The Washington Post treats us to a particularly fact-free, faith-based, disingenuous sermon from the Secular Gospel of Keynes entitled Sequestration Stupidity. The preacher, Harold Myerson, perhaps has handled one snake too many and the venom has enstupidated his brain. It seems he doesn’t care for sequestration. It makes him sad that government just can’t spend whatever it bloody well pleases. He laments the evil of people who believe that governments should live within a budget.
Like an uninspired, hung-over reverend, Myerson attempts to preach a set of moral values he does not practice using a parable that represents the world as the world is not. We get treated to homilies of the sort that follow below.
From British Laborite Ramsay MacDonald to the German centrist Heinrich Bruning to American conservative Herbert Hoover, leaders cut spending to bring their budgets into balance. These austerity policies proved an unmitigated disaster. By reducing government spending while business and consumer spending were tanking, these heads of government constricted all economic activity.
At this juncture, I regret to inform Mr. Myerson that Winston Smith is not at his desk at The BLS. The information Harold Myerson brutally misrepresents has not been adequately archived in the fiery memory-hole of Orwellian Yore. Here’s what Herbert Hoover actually did after the market crash of 1929. Donald J. Boudreaux of Café Hayek tells us what really happened. They didn’t call it the Hoover Dam because it’s funding got sequestered before completion.
U.S. government spending rose during every year of Hoover’s administration. In 1932, Hoover’s last full year in office, nominal spending was 52 percent higher than it was in 1929, the year he took office.* Given that these years were ones of deflation, the increase in real spending was even larger. And as for balancing the budget, by 1932 Uncle Sam’s budget deficit, at $2.7 billion, was 4 percent of GDP – then the third-largest budget deficit in U.S. history.**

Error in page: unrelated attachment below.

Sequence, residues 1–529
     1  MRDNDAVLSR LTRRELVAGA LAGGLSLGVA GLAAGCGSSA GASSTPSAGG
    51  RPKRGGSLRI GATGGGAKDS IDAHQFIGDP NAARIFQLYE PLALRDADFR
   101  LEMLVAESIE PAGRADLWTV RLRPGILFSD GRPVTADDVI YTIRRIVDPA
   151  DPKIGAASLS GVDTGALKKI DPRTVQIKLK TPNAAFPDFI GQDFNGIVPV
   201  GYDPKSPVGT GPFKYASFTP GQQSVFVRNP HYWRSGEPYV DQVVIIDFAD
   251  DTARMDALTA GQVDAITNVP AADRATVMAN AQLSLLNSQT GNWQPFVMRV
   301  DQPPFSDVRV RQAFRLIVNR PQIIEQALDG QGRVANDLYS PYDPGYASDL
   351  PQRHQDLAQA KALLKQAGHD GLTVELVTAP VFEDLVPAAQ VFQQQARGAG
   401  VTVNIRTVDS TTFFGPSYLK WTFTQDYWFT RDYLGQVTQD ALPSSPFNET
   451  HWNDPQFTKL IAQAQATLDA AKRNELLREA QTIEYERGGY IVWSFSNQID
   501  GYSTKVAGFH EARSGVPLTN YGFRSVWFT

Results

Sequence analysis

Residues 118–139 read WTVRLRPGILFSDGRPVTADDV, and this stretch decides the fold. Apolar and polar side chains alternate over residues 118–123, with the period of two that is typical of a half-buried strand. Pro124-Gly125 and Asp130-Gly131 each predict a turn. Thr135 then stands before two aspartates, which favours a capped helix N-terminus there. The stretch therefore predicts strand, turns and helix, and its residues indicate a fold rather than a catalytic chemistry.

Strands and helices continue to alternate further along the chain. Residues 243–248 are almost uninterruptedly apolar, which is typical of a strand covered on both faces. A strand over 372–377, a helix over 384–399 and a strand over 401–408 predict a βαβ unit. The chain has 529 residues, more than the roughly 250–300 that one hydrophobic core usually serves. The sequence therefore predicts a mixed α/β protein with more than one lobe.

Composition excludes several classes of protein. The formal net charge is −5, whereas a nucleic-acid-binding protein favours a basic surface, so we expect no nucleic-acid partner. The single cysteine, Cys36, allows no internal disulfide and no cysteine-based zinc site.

So how do we avoid the evil effects of a policy that Herbert Hoover tried the exact diametrical opposite of? Here’s what Myerson predictably suggests.
Unlike their predecessors, today’s leaders have models on how to revive depressed economies. The example of Franklin Roosevelt, whose public investments in jobs and defense turned the U.S. economy around, and the writings of John Maynard Keynes, who demonstrated that the solution to depression is boosting demand, are plain for all to see.
A more accurate sermon to preach would go as follows. It could start with Genesis (41: 26-27) where Joseph interprets the Pharaoh’s dream…
The seven good kine are seven years; and the seven good ears are seven years: the dream is one. And the seven thin and ill favoured kine that came up after them are seven years; and the seven empty ears blasted with the east wind shall be seven years of famine.
Of course in interpreting the dream, Joseph came up with a solution set that seems beyond Harold Myerson’s realm of comprehension. Joseph told the Pharaoh to lay aside the wealth from the good years and build up a store against the coming badness. He also told him to ration things out when the famine hit so that there would still be food during Year Seven. At no point did Joseph ever advise the Pharaoh to deliberately binge during years 1-4 of the famine just to give aggregate demand a good goose in the rear.
Because the truth about what President Herbert Hoover did and did not do does not paint the picture Myerson wants depicted, it gets “embellished.” It gets Embellished to the point where Myerson’s version of Hoover’s budgetary and spending decisions bears no remote resemblance to actual reality’s version of President Hoover’s efforts to deal with the economic crash of 1929.
At some point along his road to Keynesian Damascus, Myerson should realize that if he has to lie that badly to make his moral point, perhaps his moral point is not particularly decent or moral. At which time the scales could fall from his eyes. But spending money you do not have is the only cure a Keynesian will ever suggest. I guess this particular Keynesian hasn’t kicked the cactus enough times to notice how much it hurts.